'The Babadook' is a psychological horror film from first time director Jennifer Kent. It tells the story of Ameilia, a troubled mother, and her son Samuel, who sees monsters. One night Samuel picks a story book off the shelf for Amelia to read. The book is titled 'The Babadook', and tells the story of Mister Babadook, a creature who wants you to 'let him in' so he can show you what is underneath his cloak and you will know he is there when you hear his 'three sharp knocks'. Being a child, Samuel is obviously terrified and begins to see Mister Babadook. However, strange things begin to happen in the house and Samuel isn't the only one who can see him.
Finally a good horror movie has come to our screens. Director Jennifer Kent has taken the most basic of childhood terrors, the monster in the closet, and has turned it into a truly frightening experience for adults. It is refreshing to finally see a horror film that doesn't rely on jump scares in order to frighten audiences. Instead the film plays with your mind as it tries to draw your eyes elsewhere in the scene so as to make you look for Mister Babadook. The reason why the film is a winner is because it plays more on the subtle effects of horror as you try to decide whether you saw him or not and when you do see him the imagery is unbelievably unnerving. But above all the best aspect of the film is that the characters feel real. They behave as any normal person would when confronted by such horror. In one scene, Amelia and Samuel are asleep in bed and then they hear Mister Babadook's signature calling card of three knocks. Amelia quickly pulls the sheets over her head as we all have when we hear bumps in the night, further emphasising the fact that the film has taken one of our childhood fears and turned into a terrifying experience for adults.
The acting in the film is great. Essie Davis is terrific as Amelia, the grieving mother who simply desires a good night's sleep. With such a small cast she stands out by far as the best character as she plays Amelia with incredible honesty as you truly feel as though she is genuinely frightened of her environment as the film follows her descent into madness. A true Oscar worthy performance. Noah Wiseman is brilliant as Samuel, as you initially find him to be a difficult child in the film however as the film progresses you soon come to comfort his company.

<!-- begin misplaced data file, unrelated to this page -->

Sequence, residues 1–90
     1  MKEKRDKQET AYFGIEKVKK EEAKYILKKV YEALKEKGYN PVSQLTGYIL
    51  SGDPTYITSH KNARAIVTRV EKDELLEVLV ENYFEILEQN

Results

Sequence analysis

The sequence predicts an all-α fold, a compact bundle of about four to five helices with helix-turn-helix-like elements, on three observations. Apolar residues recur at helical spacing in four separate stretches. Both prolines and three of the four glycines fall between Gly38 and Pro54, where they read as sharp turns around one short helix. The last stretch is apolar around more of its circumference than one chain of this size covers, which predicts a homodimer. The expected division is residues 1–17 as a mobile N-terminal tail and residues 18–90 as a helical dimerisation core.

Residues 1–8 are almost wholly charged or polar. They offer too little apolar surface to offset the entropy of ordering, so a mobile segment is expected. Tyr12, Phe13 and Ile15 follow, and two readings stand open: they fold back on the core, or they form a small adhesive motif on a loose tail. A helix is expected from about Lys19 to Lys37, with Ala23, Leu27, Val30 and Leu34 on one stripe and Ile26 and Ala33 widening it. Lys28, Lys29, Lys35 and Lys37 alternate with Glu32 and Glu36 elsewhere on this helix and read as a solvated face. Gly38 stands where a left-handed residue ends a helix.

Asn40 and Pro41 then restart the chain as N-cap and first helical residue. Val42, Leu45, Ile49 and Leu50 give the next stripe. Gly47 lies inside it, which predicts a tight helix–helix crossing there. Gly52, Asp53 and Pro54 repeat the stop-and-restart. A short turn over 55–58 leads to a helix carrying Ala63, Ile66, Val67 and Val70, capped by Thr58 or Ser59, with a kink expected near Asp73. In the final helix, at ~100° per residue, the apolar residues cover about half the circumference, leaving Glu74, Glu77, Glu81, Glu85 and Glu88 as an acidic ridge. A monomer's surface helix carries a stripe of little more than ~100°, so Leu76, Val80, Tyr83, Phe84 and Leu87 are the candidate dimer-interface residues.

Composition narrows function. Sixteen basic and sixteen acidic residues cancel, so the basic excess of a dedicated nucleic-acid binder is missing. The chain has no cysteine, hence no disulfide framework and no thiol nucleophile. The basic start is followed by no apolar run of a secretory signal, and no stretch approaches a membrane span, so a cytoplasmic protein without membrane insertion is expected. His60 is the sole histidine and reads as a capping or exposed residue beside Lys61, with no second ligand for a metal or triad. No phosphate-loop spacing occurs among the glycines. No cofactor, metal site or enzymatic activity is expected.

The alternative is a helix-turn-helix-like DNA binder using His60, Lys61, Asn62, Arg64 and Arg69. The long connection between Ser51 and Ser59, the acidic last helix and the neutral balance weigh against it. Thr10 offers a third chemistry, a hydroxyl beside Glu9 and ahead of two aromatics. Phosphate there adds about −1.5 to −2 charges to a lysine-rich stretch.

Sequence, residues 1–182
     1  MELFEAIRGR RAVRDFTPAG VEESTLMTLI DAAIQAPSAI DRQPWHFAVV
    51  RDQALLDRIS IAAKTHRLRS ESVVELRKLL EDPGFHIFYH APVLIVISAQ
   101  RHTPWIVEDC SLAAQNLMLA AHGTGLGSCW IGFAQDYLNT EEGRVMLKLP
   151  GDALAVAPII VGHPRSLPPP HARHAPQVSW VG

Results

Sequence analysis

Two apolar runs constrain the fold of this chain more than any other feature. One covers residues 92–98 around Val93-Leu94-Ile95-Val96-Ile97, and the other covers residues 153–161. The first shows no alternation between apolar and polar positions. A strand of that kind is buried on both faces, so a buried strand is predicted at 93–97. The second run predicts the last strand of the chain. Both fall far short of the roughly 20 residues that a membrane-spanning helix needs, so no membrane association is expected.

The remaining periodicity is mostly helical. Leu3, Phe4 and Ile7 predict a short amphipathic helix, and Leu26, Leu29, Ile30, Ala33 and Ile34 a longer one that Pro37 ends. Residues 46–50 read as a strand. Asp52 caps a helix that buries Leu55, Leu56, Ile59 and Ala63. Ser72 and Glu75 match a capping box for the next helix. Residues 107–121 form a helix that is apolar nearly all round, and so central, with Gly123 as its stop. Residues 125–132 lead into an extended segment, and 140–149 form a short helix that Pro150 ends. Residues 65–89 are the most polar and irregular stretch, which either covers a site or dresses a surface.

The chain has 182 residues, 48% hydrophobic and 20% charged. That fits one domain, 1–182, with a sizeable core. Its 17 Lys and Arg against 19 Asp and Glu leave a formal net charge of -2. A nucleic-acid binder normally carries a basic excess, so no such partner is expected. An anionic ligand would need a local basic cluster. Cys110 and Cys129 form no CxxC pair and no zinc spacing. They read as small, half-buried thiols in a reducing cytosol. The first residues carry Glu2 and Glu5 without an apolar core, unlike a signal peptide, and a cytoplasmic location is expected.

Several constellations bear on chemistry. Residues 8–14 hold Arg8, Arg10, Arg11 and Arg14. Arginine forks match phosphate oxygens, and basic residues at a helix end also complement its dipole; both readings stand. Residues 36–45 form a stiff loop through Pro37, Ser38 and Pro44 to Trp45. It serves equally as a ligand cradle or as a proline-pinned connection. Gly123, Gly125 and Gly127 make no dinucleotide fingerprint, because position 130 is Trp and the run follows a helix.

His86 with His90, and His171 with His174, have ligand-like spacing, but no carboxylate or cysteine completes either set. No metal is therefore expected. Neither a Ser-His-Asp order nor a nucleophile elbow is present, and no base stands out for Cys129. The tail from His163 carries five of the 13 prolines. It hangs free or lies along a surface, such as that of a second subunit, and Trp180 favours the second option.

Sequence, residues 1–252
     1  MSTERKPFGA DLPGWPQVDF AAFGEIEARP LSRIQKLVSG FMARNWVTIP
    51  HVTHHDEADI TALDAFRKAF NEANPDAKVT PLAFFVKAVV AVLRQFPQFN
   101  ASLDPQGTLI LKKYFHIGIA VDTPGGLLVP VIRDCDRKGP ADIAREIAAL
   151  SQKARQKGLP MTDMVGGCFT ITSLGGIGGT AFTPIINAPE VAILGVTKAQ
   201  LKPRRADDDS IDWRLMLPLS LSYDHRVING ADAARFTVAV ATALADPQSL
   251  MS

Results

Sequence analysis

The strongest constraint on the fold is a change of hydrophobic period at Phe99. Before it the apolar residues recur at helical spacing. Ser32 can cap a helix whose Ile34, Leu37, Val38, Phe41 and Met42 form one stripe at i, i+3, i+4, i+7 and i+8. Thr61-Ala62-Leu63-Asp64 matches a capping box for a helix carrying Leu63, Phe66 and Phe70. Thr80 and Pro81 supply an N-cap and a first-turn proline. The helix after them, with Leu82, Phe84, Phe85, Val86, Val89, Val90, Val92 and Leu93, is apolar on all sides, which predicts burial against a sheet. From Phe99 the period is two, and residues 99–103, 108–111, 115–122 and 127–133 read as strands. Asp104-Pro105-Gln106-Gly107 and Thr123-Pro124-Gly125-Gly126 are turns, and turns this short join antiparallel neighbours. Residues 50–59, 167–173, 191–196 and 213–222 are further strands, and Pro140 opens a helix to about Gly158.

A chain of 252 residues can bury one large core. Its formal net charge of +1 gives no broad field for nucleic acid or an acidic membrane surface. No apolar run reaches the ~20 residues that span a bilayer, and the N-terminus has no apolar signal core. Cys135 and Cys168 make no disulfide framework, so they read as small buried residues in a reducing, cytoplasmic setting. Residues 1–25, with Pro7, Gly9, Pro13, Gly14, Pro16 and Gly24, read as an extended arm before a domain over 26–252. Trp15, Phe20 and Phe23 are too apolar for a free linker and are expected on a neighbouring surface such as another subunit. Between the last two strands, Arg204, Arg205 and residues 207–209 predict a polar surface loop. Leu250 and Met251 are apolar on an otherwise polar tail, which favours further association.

Horror seems to have become something of a gimmick nowadays with a genuinely good horror movie becoming an exceedingly rare treat. The only other psychological horror movie that springs to mind that I have seen recently that is on par with 'The Babadook', is that of Oculus by Mike Flanagan. The film was incredibly eerie as, like 'The Babadook', it focused on what is truly frightening. Insanity is an unbelievably horrifying thing to have to fall into and watching these characters do so is what horror really should be. The fear of things that could actually happen to us in real life.
'The Babadook' is a brilliant horror film for both those looking for something fun to watch and for those who wish to look beyond and behind the meanings of the film. Perhaps the most striking aspect of the film other than its creep factor is that of the lighting and the colour palette of each scene. The house is entirely grey or black and is void of any colour making for an incredibly unnerving atmosphere. The sound in the film is unbelievable with truly unsettling bumps in the night and the Babadook's voice is perhaps the most frightening thing I have ever heard in film.
Overall, 'The Babadook' is a horrifying experience with brilliant acting and a brilliant and heartfelt story to boast. With characters you care for, unnerving mise en scene and sound, creepy imagery, and an incredible ending as well, 'The Babadook is an incredible case study of the effects of grief and depression as it takes one of our worst childhood fears and turns it into an unforgettable experience for adults. 5 out of 5.